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Accelerometer-based gait analysis for quantitative assessment of physical activity outside the laboratory: validation and tool development for application to patient groups

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  • Full or part time
    Dr G N Askew
    Dr A P Brown
    Prof Huw Summers
  • Application Deadline
    No more applications being accepted
  • Competition Funded PhD Project (European/UK Students Only)
    Competition Funded PhD Project (European/UK Students Only)

Project Description

The assessment of rehabilitation status for musculoskeletal injuries, in both sports and clinical arenas can be readily measured using quantitative biomechanical approaches such as multi-camera motion capture. However, such systems are limited to specialist biomechanics laboratories and the approach is unsuitable for assessing large numbers of individuals. Commercially available accelerometers are a cheaper alternative but lack detailed information over short timescales and are unable to describe the quality of the activity. We have developed a customised device and analytical approach that offers the potential of providing meaningful gait assessment of individuals and the potential for quantitative injury assessment, as well as offering the potential of providing meaningful meta-analysis for activity levels of large populations. The main aim of this project is to derive a series of robust measures from accelerometry, validated in the laboratory against 3D movement data, that can give accurate information of an individual’s gait. This will be done in healthy individuals and in a number of patient groups – e.g. amputees and rehabilitating endurance runners. Once validated in the laboratory, we will assess the devices under field-based conditions

Funding Notes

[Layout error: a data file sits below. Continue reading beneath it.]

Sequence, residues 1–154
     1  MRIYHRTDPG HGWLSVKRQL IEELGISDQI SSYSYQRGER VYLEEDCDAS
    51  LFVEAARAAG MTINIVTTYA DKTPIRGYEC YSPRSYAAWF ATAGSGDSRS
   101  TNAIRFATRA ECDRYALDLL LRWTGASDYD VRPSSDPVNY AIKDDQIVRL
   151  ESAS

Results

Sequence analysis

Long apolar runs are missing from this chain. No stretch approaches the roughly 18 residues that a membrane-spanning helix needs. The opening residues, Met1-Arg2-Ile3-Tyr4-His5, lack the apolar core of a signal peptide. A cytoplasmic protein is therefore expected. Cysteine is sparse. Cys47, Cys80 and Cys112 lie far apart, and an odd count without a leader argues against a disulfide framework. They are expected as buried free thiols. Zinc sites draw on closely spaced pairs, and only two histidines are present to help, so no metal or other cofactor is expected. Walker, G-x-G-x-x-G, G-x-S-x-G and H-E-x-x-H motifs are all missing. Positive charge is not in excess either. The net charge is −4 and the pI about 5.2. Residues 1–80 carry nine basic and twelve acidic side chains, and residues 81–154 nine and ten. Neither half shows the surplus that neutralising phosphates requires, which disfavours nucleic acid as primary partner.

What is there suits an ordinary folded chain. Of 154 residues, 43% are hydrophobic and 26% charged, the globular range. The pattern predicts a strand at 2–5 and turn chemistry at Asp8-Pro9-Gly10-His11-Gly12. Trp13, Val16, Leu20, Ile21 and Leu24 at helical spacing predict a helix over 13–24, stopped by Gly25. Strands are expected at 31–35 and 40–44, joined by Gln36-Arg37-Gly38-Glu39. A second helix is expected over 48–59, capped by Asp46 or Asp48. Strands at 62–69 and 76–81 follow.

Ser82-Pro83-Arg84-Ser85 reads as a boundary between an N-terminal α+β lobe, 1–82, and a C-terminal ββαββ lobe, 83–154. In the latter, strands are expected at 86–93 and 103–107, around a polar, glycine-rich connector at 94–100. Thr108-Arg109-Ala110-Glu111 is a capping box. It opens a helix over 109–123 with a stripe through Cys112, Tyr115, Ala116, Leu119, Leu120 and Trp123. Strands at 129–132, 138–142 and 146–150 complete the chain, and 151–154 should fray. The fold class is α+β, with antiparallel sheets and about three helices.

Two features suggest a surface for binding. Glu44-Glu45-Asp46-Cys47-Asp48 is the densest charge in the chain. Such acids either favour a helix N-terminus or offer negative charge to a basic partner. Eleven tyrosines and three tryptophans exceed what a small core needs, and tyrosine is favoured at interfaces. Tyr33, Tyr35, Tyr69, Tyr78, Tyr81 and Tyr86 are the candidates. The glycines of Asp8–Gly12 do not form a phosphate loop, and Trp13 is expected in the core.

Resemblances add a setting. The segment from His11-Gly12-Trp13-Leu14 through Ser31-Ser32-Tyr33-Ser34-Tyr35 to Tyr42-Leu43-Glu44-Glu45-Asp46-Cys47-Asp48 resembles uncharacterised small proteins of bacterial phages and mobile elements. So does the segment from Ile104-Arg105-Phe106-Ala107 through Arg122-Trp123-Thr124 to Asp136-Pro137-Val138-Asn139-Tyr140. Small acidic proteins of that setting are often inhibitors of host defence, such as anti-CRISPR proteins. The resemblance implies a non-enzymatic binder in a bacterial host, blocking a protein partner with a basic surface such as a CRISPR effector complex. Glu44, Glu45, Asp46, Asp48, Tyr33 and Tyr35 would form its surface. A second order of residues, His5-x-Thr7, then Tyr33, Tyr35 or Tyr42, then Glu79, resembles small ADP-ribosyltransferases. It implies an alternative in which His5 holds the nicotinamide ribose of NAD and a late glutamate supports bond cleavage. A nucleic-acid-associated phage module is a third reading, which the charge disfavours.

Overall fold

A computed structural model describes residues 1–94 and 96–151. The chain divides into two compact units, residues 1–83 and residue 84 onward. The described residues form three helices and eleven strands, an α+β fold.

4 year studentship, covering fees and stipend at RCUK level (£14,553 for 2017-18).
The PhD will start in Oct 2017. Applicants should have, or be expecting to receive, a 2.1 Hons degree in a relevant subject.

As part of the studentship the successful candidate will be required to undertake a minimum of 120 hours Sports and Exercise Sciences demonstrating per annum. The studentship would therefore suit candidates with an interest in teaching.

Please apply online here, including CV and references (we don't require a research proposal): https://studentservices.leeds.ac.uk/pls/banprod/bwskalog_uol.P_DispLoginNon
The PhD is based in the Faculty of Biological Sciences.


Clark, C., Barnes, C., Holton, M., Summers, H and Stratton, G. (2016). Profiling movement quality and gait characteristics according to body mass index in children (9-11y). Human Movement Science 49, 291-300.

McFarlane, L.A., Altringham, J.D. and Askew, G.N. Intra-specific variation in wing morphology and its impact on takeoff performance in blue tits (Cyanistes caeruleus) during escape flights J. Exp. Biol. 219 1369-1377, 2016

Askew, G.N. The elaborate plumage in peacocks is not such a drag. J. Exp. Biol. 217, 3237-3241. 2014.

Holt, N.C., Roberts, T.J. and Askew, G.N. The energetic benefits of tendon springs in running: is the reduction of muscle work important? J. Exp. Biol. 217, 4365-4371. 2014.

Related Subjects

How good is research at University of Leeds in Biological Sciences?

FTE Category A staff submitted: 60.90

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